Has the law changed in Canada based on the September, 2017 decision of Justice Myers of the Ontario Superior Court of Justice in the Toys ”R” Us (Canada) Ltd. case? Section 11.2 of the Canadian Companies’ Creditors Arrangement Act (“CCAA”) allows the Court to create a charge to secure a DIP financing. However, that section provides that “the security or charge may not secure an obligation that exists before the order is made”. This had been interpreted in prior cases as a prohibition on using DIP proceeds to pay pre-filing secured loans. The Court would, however, permit post-filing receipts to be swept in favour of the pre-filing secured loan, so the wisdom in Canada was that a “creeping” DIP payment structure was fine, whereas using DIP proceeds to repay pre-filing secured debt was not permitted. Justice Myers focused on whether the DIP charge (in favour of the same group of lenders who had provided pre-filing financing) was “being used to improve the security of the pre-filing ABL lenders or to fill any gaps in their security coverage”. He concluded that it was not, so permitted the DIP proceeds to be used to repay the pre-filing secured loan in full. We think the Court was correct in focusing on whether priorities were being re-ordered, since it is our view that this is what the above-noted restriction in Section 11.2 of the CCAA was intended to prevent.
In a decision significantly impacting the ability of a plaintiff to prosecute avoidance actions, the United States Supreme Court, in Merit Management Group, LP v. FTI Consulting, Inc., 583 U.S. ___ (2018), unanimously held that a transfer of funds, where a financial institution served as a mere conduit, does not entitle the recipient of the transfer to avail itself of the “safe harbor” defense provided for in section 546(e) of the Bankruptcy Code. Focusing on the construction and plain meaning of the statutory language, the Court’s ruling resolved the current split among circuits interpreting and applying section 546(e). Continue Reading
In a matter of first impression at the Circuit level, the United States Court of Appeals for the Ninth Circuit held that a court may confirm a plan filed on behalf of multiple debtors that has been approved by an impaired class of creditors of only one of the debtors. JPMCC 2007-C1 Grasslawn Lodging, LLC v. Transwest Resort Properties Inc. (In re Transwest Resort Properties, Inc.), 881 F.3d 724 (9th Cir. 2018). This ruling is in contrast with the Delaware bankruptcy court’s ruling in the Tribune Company Chapter 11 case, where as successfully advocated by Norton Rose Fulbright attorneys, the court held that a plan must be approved by an impaired class of creditors of each of the debtors party to the plan. The following is a brief description of the case background and the court’s analysis. Continue Reading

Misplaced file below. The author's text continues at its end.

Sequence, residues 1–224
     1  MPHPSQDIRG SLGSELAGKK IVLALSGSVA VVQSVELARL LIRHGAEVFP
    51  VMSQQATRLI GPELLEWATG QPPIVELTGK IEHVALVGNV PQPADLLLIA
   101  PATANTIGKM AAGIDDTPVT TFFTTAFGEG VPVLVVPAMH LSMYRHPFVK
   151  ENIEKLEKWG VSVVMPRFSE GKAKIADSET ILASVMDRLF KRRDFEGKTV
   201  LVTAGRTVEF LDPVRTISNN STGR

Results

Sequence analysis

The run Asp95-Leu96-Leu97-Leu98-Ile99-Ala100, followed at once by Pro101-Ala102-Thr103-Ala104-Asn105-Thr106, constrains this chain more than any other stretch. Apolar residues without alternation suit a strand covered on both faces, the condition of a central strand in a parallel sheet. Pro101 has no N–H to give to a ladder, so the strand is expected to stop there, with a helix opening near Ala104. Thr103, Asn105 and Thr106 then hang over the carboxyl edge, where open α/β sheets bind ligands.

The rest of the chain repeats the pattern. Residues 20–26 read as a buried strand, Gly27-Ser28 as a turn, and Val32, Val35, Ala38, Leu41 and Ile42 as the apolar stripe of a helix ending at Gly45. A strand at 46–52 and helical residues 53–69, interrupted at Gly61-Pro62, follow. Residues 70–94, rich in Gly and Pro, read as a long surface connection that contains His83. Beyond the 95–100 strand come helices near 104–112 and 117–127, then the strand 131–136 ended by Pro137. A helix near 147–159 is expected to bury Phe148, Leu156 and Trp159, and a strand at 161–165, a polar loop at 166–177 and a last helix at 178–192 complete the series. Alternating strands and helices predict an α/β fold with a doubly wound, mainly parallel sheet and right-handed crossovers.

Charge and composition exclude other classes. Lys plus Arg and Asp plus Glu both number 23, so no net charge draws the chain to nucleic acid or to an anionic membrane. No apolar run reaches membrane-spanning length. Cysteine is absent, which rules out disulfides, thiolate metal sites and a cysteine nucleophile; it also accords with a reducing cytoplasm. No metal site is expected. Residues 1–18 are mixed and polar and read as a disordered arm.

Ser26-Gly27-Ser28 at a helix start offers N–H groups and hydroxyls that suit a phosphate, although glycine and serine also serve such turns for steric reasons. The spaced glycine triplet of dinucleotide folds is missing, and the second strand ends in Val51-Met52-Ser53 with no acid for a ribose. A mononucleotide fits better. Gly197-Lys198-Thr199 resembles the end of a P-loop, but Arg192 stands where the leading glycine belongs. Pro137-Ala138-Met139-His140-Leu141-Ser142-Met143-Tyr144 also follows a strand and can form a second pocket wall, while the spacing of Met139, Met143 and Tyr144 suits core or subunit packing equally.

In a decision last month, the First Circuit maintained the relatively narrow scope of protection provided to intellectual property licensees upon rejection of a license in bankruptcy. Focusing on the statute’s language, the court of appeals held that Bankruptcy Code section 365(n) fails to protect either a trademark license or exclusive distribution rights of a debtor’s trademarked goods, even when the trademark-related rights are incorporated into a license containing other protected intellectual property. See Mission Product Holdings, Inc. v. Tempnology LLC, No. 16-9016 (1st Cir. January 16, 2018). The First Circuit’s decision deepens a split among the circuits regarding the rights of trademark licensees when a licensor-debtor rejects a license in bankruptcy. Continue Reading
U.S. companies that engage in business in multiple jurisdictions should be mindful of a recent decision by the United States Bankruptcy Court for the District of Delaware. In the Chapter 15 case of Energy Coal S.P.A., the bankruptcy court held that U.S. choice of law and forum selection provisions in a contract with a non-U.S. company did not override the terms of a foreign restructuring plan that was approved by a foreign court. The court stated that it is “appropriate to expect U.S. creditors to file and litigate their claims in a foreign main bankruptcy case.” See In re Energy Coal S.P.A., Case No. 15-12048 (Bankr. D. Del. Jan. 02, 2018). Continue Reading
Woodbridge Group of Companies, a luxury real-estate developer, filed for chapter 11 reorganization on December 4, 2017. Woodbridge and its 200-plus affiliates operated a sprawling, complex real estate enterprise that focused on the acquisition and development of high-end properties.